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Wellness > Sex + Relationships

The Pros & Cons of Online Dating: Should You Try It?

Every weekend we spend hours getting ready, squeezing into our tightest jeans, putting on our cutest tops, straightening or curling our hair, and applying just the right amount of lip gloss—all in hopes of finding that special someone at the bar or frat party.  But in college, sometimes finding a boyfriend is just as hard as finding the perfect pair of shoes; the guy who seems like Mr. Right is never a perfect fit.  However collegiettes™, there’s still hope: online dating.  We’ve put together everything you need to know about online dating so you can decide whether or not to give it a shot.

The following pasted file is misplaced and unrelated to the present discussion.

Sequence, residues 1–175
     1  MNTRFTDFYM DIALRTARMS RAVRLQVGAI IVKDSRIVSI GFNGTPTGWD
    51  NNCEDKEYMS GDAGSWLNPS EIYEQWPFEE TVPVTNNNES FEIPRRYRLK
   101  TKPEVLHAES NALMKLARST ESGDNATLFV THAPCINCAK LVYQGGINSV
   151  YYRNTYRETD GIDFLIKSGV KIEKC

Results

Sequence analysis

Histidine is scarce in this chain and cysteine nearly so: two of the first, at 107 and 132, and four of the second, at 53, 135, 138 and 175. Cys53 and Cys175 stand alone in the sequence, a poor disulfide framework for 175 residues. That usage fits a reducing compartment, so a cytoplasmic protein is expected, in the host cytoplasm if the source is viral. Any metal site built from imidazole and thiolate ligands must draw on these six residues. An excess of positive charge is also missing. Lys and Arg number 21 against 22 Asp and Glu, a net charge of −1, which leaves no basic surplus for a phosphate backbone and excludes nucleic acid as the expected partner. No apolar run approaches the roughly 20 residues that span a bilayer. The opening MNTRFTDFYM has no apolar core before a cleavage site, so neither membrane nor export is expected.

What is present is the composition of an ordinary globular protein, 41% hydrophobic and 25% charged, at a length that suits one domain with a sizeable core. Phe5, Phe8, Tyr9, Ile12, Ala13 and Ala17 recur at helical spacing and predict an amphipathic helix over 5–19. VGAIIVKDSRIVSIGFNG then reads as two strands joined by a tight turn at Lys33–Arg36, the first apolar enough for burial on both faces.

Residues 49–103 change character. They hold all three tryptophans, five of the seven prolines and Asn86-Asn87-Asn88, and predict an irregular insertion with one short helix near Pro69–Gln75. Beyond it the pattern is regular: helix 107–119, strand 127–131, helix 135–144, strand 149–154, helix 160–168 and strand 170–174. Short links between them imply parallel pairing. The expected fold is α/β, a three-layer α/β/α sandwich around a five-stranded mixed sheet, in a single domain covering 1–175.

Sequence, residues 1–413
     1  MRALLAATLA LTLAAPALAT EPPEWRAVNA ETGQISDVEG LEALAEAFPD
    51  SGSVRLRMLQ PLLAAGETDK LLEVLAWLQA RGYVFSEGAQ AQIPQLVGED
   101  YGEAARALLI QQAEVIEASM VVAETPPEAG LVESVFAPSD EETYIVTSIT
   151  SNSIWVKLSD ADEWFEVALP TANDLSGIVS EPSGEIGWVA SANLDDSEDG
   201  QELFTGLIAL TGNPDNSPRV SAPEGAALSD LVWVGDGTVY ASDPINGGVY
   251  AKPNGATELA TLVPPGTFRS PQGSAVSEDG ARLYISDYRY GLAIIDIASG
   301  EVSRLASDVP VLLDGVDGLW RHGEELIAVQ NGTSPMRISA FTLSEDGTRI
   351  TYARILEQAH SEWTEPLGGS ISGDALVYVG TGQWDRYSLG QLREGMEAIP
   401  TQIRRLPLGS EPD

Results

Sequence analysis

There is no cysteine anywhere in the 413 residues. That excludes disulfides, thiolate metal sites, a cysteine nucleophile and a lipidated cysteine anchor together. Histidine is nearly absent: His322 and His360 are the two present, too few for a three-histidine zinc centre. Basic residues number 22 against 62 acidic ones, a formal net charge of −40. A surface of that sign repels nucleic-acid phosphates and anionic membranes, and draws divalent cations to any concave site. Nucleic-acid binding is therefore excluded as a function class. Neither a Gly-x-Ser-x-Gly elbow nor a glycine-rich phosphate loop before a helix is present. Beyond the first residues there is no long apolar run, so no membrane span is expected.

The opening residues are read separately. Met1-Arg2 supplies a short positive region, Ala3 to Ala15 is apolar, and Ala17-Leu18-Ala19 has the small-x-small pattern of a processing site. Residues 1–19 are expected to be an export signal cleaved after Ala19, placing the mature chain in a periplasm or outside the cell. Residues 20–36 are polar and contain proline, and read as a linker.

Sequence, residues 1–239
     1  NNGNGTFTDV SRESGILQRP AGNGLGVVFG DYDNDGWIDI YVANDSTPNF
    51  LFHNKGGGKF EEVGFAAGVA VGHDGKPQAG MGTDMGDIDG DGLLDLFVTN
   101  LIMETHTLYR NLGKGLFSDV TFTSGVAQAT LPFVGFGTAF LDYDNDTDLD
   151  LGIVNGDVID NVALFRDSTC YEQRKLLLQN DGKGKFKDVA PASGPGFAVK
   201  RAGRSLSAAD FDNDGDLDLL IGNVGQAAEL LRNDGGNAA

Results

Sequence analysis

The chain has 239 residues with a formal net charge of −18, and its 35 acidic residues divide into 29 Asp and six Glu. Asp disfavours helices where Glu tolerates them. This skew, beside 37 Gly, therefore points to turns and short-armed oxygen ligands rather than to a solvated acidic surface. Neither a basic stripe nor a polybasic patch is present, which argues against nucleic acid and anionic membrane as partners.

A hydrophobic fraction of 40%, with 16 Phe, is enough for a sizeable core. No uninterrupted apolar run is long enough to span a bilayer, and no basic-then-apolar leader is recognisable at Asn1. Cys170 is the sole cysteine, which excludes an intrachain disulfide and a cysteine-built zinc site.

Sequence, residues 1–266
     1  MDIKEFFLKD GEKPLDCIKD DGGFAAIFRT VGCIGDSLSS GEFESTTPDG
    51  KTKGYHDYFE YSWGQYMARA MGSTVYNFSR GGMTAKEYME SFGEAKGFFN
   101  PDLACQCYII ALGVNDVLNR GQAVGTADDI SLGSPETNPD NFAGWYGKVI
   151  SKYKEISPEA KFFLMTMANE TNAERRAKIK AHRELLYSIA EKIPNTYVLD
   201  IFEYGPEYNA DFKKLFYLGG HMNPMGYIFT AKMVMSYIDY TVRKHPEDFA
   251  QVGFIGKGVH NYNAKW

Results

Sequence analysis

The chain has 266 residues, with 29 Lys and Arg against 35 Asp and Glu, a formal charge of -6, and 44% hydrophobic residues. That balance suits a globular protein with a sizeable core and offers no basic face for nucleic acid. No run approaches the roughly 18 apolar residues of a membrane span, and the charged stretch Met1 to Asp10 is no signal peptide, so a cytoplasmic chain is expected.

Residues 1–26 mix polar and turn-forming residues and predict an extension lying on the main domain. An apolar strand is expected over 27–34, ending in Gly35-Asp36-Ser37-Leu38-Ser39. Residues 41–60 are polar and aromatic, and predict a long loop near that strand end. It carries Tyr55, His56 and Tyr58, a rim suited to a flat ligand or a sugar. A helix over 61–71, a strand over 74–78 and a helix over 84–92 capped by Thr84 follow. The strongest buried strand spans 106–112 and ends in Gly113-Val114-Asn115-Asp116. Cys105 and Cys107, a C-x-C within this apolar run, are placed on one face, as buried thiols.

So Many Boys, So Little Time
Online dating sites have more than 20 million people browsing their profiles a month. So when you sign up and create a profile on a dating site, you’ll be exposed to thousands of people all there for similar reasons, rather than the handful of skeezy guys that attempt to buy you a drink on a Saturday night.  A dating site is like the Facebook exclusively for singles, but when you find something you like, it’s okay to go for it and make some conversation.
“You meet people you might not ordinarily get to meet in your everyday life,” said Christina, a graduate of Merrimack College, who has tried online dating. 
Convenience is Key
Online dating is convenient. It filters out that awkward limbo phase where you’re stuck trying to decipher if a guy wants to date you… or just hook up with you.  Online dating brings the singles of the world together, and you get to decide what exactly you’re looking for when you stumble upon someone’s profile.
“There was no messy ‘defining the relationship’ talk because we both were blatantly clear about what we were looking for,” said Michele, a sophomore at University of Florida, who met her boyfriend on the site Ok Cupid.

Looking For?  Interested In?